Excessive alcohol consumption takes a toll on your health in various ways. It’s linked to a variety of health ailments including liver disease, cardiovascular disease, cancer, and even brain damage. But a recent study from the Universities of Maryland and Kentucky indicates a special potential treatment for warding off and even reversing such brain damage caused by alcohol—cannabidiol (cannabis).
Cannabidiol (CBD) is a compound found in marijuana. It doesn’t contain any psychoactive constituents, which means it doesn’t get you high. But it is linked to numerous health benefits.
Published in the journal Pharmacology Biochemistry and Behavior, the study first looked at damage to the brain caused by alcohol, indicating neuro-degeneration, and behavioral and cognitive impairments. This damage is thought to play a role in the chronic “relapsing nature of alcoholism.”
The researchers administered transdermal cannabidiol in laboratory rats. Both using a needle injection method and a skin patch method, the rats experienced neuroprotection at about 50%.
These results justify further preclinical development of transdermal CBD for the treatment of alcohol-induced neurodegeneration. It has been suggested that the neuroprotective effects of CBD observed during binge alcohol induced neurodegeneration are due to its high antioxidant capacity.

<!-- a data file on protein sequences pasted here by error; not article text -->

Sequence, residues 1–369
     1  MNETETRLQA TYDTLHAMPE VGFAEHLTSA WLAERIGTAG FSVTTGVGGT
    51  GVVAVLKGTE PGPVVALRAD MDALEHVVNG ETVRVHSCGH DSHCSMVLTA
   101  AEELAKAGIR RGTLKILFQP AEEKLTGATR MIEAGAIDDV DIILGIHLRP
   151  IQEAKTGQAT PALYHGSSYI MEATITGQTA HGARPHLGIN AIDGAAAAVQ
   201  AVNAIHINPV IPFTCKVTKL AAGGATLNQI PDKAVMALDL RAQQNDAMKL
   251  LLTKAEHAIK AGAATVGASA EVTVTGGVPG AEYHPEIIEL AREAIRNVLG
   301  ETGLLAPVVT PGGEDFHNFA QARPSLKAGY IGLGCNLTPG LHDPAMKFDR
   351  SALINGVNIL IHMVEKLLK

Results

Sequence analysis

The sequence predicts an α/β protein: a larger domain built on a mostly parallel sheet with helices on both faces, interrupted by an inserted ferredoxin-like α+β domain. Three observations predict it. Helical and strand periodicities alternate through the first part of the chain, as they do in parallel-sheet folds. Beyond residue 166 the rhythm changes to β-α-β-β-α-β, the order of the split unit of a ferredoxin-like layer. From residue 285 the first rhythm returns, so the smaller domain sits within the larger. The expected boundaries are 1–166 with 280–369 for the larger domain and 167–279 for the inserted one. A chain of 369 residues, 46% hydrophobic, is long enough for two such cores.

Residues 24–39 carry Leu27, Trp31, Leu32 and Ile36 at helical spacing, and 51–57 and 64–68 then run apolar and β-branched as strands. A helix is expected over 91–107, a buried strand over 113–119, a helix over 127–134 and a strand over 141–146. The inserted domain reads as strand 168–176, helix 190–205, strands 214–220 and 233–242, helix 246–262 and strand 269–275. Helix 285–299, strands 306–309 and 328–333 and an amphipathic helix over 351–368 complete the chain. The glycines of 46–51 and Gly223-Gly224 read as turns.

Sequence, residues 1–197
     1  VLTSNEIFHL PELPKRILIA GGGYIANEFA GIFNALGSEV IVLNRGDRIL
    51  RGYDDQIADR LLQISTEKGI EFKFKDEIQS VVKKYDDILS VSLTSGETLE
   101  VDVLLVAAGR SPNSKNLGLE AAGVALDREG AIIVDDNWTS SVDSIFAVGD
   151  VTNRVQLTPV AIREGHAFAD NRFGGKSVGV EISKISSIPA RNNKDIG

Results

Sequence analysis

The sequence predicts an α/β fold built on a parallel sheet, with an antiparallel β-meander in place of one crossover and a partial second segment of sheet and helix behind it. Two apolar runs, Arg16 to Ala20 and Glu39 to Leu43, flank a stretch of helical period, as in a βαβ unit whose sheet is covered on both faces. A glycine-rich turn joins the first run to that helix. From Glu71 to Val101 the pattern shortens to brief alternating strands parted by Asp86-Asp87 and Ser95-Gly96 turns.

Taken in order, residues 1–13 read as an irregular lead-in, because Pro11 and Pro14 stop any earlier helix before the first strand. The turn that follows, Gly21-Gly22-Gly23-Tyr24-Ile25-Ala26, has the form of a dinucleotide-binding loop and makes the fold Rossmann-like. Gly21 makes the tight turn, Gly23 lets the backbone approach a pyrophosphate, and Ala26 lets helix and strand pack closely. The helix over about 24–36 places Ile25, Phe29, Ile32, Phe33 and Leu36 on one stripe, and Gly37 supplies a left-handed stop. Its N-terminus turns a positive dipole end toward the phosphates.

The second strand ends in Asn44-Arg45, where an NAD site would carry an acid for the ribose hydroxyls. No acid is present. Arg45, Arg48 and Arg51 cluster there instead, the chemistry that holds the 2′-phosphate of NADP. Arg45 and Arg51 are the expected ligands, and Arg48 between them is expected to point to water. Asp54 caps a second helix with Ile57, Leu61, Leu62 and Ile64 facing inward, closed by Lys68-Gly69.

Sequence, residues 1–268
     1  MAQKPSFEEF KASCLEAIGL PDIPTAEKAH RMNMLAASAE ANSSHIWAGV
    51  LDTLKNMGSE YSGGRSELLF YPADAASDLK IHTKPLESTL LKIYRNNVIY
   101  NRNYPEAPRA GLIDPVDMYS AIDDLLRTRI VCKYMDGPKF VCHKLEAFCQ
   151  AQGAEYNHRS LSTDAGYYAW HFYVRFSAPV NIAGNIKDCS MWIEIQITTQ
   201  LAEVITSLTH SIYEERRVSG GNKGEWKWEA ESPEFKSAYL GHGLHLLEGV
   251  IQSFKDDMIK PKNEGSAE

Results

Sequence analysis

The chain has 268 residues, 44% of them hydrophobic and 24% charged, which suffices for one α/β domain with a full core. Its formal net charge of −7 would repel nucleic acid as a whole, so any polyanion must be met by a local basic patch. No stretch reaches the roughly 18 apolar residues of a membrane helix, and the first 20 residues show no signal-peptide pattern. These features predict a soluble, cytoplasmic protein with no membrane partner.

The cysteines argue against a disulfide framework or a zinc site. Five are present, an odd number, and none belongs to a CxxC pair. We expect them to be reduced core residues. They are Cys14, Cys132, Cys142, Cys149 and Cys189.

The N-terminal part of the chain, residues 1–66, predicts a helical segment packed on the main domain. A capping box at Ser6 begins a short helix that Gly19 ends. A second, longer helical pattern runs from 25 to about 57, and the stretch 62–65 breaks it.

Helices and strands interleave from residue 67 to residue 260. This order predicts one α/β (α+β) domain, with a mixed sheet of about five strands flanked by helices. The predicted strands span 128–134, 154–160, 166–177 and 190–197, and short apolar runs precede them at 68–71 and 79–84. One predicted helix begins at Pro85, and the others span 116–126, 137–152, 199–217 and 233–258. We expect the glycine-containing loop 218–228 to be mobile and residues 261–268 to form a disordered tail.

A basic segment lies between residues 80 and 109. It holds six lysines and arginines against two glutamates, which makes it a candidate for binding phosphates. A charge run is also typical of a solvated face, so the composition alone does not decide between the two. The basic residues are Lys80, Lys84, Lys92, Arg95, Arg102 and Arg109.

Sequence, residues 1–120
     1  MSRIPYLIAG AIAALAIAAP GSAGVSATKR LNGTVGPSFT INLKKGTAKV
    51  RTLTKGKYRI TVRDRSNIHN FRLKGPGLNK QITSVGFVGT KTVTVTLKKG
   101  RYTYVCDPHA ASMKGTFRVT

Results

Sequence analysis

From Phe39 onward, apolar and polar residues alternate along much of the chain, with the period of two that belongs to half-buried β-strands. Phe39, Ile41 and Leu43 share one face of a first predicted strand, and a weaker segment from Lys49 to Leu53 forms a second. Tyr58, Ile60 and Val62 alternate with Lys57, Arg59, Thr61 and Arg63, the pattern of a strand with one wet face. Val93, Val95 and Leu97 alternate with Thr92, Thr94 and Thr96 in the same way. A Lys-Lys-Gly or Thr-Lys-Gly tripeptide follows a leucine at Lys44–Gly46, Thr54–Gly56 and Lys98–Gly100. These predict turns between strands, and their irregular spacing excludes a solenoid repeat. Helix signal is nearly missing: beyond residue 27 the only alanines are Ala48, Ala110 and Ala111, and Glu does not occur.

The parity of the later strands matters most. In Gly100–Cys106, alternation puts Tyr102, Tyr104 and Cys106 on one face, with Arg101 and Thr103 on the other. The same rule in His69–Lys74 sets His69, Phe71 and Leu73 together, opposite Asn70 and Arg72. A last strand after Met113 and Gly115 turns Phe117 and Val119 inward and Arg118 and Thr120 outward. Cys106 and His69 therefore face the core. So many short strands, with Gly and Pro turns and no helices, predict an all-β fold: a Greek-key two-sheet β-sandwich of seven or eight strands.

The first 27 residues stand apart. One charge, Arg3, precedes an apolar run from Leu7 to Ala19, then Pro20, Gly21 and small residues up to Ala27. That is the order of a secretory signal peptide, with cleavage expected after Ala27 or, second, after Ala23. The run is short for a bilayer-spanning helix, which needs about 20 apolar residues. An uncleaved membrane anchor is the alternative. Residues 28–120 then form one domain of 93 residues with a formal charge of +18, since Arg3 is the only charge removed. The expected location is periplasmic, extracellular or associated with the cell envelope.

Other Benefits of Marijuana Compounds
Numerous studies have showcased how CBD and other cannabinoids found in marijuana have strong antioxidant properties and numerous health benefits. It seems we uncover new applications for these compounds nearly every month. While this is only the beginning of looking at neuroprotection applications for brains damaged by alcohol consumption, other benefits of cannabis have been well documented.
Just a few weeks ago, I wrote about 4 significant studies linking marijuana and brain cancer treatment. These studies found that cannabis compounds can not only kill cancerous cells in the brain, but also protect healthy cells – something traditional cancer treatments can’t do.
Research has also connected cannabis with the treatment of depression, indicating it’s benefits reach from the physical to the mental.
But, despite the mounting body of evidence to the contrary, marijuana continues to be vilified by those who treasure the failed War on Drugs. The US government labels cannabis a ‘schedule one narcotic’ along with heroin and LSD; they also say it has no medicinal value – all while holding patents on cannabis constituents. Though science has repeatedly demonstrated its health benefits and limited risks, those who oppose the plant cling steadfastly to flawed and dated anti-marijuana arguments.